Last week in The Wall Street Journal, I interviewed actor Shea Whigham for my „House Call“ column in the Mansion section (go here). Shea was in Boardwalk Empire, Modern Love and now in Perry Mason. Shea talked about the childhood accident that broke his leg and isolated him for a stretch, making him more sensitive and empathetic. [Photo above of Shea Whigham as Peter Strickland in HBO’s Perry Mason series by Merrick Morton, courtesy of HBO]
Here’s Shea as Elias „Eli“ Thompson and Steve Buscemi as Enoch „Nucky“ Thompson in HBO’s Boardwalk Empire…
Halt autoplaying. Some JazzWax readers wrote me last week that when they call up JazzWax, the embedded videos start playing automatically. They wanted to know why and how to stop it. That problem exists on your browser on your end. To resolve by changing the switches on your browser, go here.
Roger Kellaway. Last week, following my post on Stan Getz’s movie and TV music, I heard from piano great Roger Kellaway (above, courtesy of Roger Kellaway):
Hi Marc, I played with Stan Getz on the soundtrack of Mickey One (1966). Clark Terry was supposed one of the trumpeters in the studio orchestra. When he arrived for the first session and realized that Stan Getz was on the gig, he canceled the three remaining sessions. I never knew why. I just never wanted to ask him.
Clark was such a beautiful human being.
The Mickey One session featured four days of large-orchestra sessions with maybe 60 pieces. Of course, Eddie Sauter was on the podium conducting his score. The whole experience was very exhilarating-quite energized. Beautiful, musical imagination.
I did at one point, on a break, find myself listening back to the music in the studio. Suddenly, the director, Arthur Penn asked me a question about the music. I didn’t answer him but excused myself. I didn’t think the director needed to be asking me any creative questions.
All in all it was a fabulous experience. Many of the great New York players: Al Block, Jimmy Buffington, Eddie Bert, Barry Galbraith, Mel Lewis, etc.
Rob Pronk. Following my post last week on Dutch pianist and trumpeter Rob Pronk, I received the following from Justin Freed:
Marc, thank you. You are indispensable.
I never thought that I would get to hear Rob’s trumpet and piano playing from those days.
He wintered in Sarasota/Long Boat Key, Fla., and we became friends. I also met his sister Babes.
There was a piano bar on the Key where he would play hip tunes, like Little Willie Leaps.He liked to sing but the owner discouraged that, unfairly.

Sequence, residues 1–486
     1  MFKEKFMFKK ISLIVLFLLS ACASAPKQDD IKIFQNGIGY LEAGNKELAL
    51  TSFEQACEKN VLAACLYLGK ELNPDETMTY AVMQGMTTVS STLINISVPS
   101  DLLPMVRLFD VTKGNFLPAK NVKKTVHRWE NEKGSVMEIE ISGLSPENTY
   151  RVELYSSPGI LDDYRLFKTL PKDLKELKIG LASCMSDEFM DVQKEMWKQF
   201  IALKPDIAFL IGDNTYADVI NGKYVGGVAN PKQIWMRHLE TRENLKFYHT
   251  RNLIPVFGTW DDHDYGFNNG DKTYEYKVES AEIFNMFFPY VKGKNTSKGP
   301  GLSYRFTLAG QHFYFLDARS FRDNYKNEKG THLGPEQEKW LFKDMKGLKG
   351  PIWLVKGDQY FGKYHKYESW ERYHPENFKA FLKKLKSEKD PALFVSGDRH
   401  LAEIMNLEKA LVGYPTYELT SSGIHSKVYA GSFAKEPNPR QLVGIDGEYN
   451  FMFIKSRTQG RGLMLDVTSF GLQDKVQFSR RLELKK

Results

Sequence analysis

Rob talked about his career at my Jazz appreciation class on Long Boat Key. We played cuts from his many Metropole Orchestra albums and he talked about his fascinating career. There was a photo of Marlene Dietrich on the wall and, yes, he had worked with her, too.
A favorite track is It Never Entered My Mind from Saxophone Dreams with Lee Konitz. In it, he said, he used the harp motif from the Adagietto from Mahler’s Symphony No. 5. It’s gorgeous.
Medical issues bedeviled Rob in the last years of his life, but he came through a major crisis. He returned for his final winter. The story he told about cheating death inspires me at 84.
More on Rob Pronk from Robert Arnold, who manages baritone saxophonist Ronnie Cuber…
Hi Marc. Thank you for writing and mentioning Rob Pronk. Ronnie loved him. We have so many lovely memories working with the Metropole and Rob in particular. Ronnie loved playing his arrangements on his first and second invitational with the Metropole. Rob was a very special talent and person. Take care and keep on doing great work!
Bill Evans.Once again, pianist Dave Thompson has found another wonderful Bill Evans clip. This time, a rehearsal tape that went up at SoundCloud….
More on Bill Evans from Todd Barkan, manager of Keystone Korner Baltimore:
Dear Marc, as you undoubtedly know, I produced the last live recordings by Bill Evans, at Keystone Korner San Francisco in August and Sept 1980. They were box sets originally issued on Fantasy/Milestone Records in two 8-CD sets
known as Consecration and The Last Waltz.
Much love from Keystone Korner Baltimore,
which re-opens this weekend with Sean Jones,
Warren Wolf, Jeff Reed and Eric Kennedy. Here’s a link to a ABC’s Nightline news segment from June 14 that features Sean Jones and Keystone Korner Baltimore and the healing power of the music we love.
And here’s a link from our very first streamed concert from Keystone Korner Baltimore, with Warren Wolf and Joe Locke, performed on June 12.
For more information, go here.
Ystad Sweden Jazz Festival. Global jazz fans, you’re in luck! Itta Johnson of the Ystad Sweden Jazz Festival (July 30-August 2) informs me that all concerts held at the Ystads Teater and Ystad Saltsjöbad will be streamed online at the festival site here and here. For more information and tickets, go here.
What the heck. Here’s Frank Sinatra singing Gone With the Wind. To skip over Sinatra’s cigarette fetish, more the bar to 0:23..